Lawyer Battles Unions in Foreign Levies Cases

March 19, 2010

Lawyer Battles Unions in Foreign Levies Cases

By Jean-Luc Renault
Daily Journal Staff Writer

LOS ANGELES – Neville Johnson, the 60-year-old founder of Beverly Hills’ seven-attorney firm Johnson & Johnson, sat hunched over a counsel table during a morning hearing last week at the Central Civil West Courthouse.

Neville L. Johnson
Superior Court Judge Carl West was about to decide if he would give final approval to a settlement in a long-running class action involving $30 million in levies on video rentals and cable retransmissions in foreign countries the Writers Guild of America West failed to disburse to several thousand writers. If West signed off, it would be the second time Johnson, a plaintiffs’ lawyer who spent his career representing individual clients against institutional defendants, prevailed against a powerful Hollywood guild. He already reached a nearly identical settlement over the same issue in 2008 against the Directors Guild of America. With a similar case against the Screen Actors Guild nearing a settlement, Johnson is poised to go three-for-three. But West put the brakes on that momentum temporarily after he directed both sides to tie up a few loose ends in the agreement.

Johnson has an intimidating presence. He’s a big, gruff guy whose gravely voice is punctuated with expletives. He’s got a sense of humor that puts others at ease, and his toothy smile glints with the same impish charm flashing behind his crisp blue eyes. “He’s a funny guy,” said Lincoln Bandlow, a Lathrop & Gage partner who defended several clients in the entertainment industry against plaintiffs Johnson represented. “In one case, I had won a motion after Neville lost an earlier one,” Bandlow said. “He said to the judge ‘If you’re going to give him one, you should give me one, too!'”

That’s how Johnson has been able to aggravate opponents while, at the same time, win them over. “He can be fun to argue against in court, and he can be frustrating to argue against, too,” said Bandlow. “He’s a pit bull with a bone – he’ll grab a hold of it and keep shaking even after you think you’ve prevailed and moved on. But whenever I get a call from somebody who wants to sue a record label or a big company, Neville is the first guy I tell them to call.” Tenacious as he is, peers say Johnson can sometimes get carried away when arguing for something he believes in.

Paul Kiesel, a partner with Kiesel, Boucher & Larson who is co-counsel on the WGA and SAG class actions, said Johnson “can, at times, be unbridled in his passion.” “Neville brought me into these cases to provide a calming influence over a very passionate personality that he brings,” Kiesel said. Johnson, who often describes his cases as David versus Goliath, would be proud of that characterization. “Everyone in this town wants to make a deal with someone we want to sue,” Johnson said. “And that’s what we do.”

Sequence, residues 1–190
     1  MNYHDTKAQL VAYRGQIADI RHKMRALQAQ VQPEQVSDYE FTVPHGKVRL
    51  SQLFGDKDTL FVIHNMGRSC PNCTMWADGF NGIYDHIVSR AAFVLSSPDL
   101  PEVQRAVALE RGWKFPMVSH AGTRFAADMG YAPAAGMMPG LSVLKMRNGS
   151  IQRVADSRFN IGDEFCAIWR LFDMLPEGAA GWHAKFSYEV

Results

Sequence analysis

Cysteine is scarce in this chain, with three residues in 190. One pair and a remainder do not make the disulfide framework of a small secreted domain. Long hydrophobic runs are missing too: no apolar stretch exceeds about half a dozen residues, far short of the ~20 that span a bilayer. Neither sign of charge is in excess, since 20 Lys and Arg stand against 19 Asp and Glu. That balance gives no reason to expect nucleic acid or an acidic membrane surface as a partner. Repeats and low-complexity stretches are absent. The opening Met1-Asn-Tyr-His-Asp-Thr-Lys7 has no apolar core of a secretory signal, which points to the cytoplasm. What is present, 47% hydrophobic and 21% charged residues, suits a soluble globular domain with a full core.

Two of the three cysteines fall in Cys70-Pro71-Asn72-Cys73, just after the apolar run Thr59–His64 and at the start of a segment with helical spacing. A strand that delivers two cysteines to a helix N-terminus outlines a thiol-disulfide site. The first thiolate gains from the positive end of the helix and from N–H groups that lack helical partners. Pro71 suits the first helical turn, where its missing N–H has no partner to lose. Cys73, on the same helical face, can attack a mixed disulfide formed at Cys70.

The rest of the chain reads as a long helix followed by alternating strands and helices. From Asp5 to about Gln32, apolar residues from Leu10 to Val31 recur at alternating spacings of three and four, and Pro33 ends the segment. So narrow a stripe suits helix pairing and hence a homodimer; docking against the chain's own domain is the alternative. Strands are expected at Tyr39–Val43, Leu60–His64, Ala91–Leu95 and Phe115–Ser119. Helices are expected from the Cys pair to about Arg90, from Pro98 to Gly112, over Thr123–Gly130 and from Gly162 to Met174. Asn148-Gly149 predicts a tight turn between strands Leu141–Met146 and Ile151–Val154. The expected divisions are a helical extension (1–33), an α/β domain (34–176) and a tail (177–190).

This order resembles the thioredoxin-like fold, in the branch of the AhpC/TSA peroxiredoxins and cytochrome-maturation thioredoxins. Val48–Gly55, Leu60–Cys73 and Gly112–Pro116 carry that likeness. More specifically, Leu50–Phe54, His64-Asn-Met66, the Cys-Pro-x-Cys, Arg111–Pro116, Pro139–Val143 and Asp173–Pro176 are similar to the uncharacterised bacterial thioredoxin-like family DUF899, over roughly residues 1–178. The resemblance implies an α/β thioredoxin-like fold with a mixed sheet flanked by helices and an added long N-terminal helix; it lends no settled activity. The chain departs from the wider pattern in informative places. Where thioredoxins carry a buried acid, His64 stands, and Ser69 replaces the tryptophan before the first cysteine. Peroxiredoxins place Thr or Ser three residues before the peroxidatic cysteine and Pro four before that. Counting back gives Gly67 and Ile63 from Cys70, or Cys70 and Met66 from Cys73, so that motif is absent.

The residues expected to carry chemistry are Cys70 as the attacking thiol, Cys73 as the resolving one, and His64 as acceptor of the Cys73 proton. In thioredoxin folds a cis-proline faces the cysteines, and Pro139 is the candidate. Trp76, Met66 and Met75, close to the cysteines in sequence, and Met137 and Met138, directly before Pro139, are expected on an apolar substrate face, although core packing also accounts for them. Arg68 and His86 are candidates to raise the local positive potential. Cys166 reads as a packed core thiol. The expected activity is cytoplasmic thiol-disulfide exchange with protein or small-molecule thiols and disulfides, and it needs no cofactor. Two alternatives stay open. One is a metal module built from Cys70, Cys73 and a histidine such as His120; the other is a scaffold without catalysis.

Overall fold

Johnson knew he wanted to be a lawyer by the time he was 12. That’s when he was awestruck after watching Marvin Freeman, a lawyer and family friend who later became a Superior Court judge, argue in court. But after studying sociology and journalism at UC Berkeley, the Loyola High grad took a detour on those plans and founded the “Night Times,” a Bay Area newspaper. He said journalism, like law, had always appealed to him as a career. “In both areas, I like that you can take on large adversaries for the benefit of society,” he said. But after a dispute with a business partner a year later, Johnson left the news business and to pursue a law degree. “Law school was the single most important event and turning point in my life,” he said. “It sort of gave me a reason for being on the planet.”

After graduating from Southwestern Law School in 1975, Johnson had stints in private practice and as a public defender. He went solo in 1978, and his big break came three years later when he started representing Yoko Ono and the estate of John Lennon. In 1984, he sued Earth, Wind & Fire‘s publishing company in a separate case and won. Johnson represented Mark Sanders, a telephone psychic service employee, in a lawsuit filed against ABC in 1993. A reporter from the network had used a hidden camera and microphone to record conversations with Sanders at the service’s office as part of an investigative report. The 5-year case, which Johnson eventually won before the state Supreme Court, redefined news-gathering laws.

The win also kick-started Johnson‘s invasion-of-privacy and defamation practices – strange pursuits for a former newsman. “I do find it somewhat ironic that I became one of the lawyers who had significant success suing the media for right of privacy and defamation,” Johnson said. “But media has its problems like any other industry. I did a valid public service by keeping them on the straight and narrow.”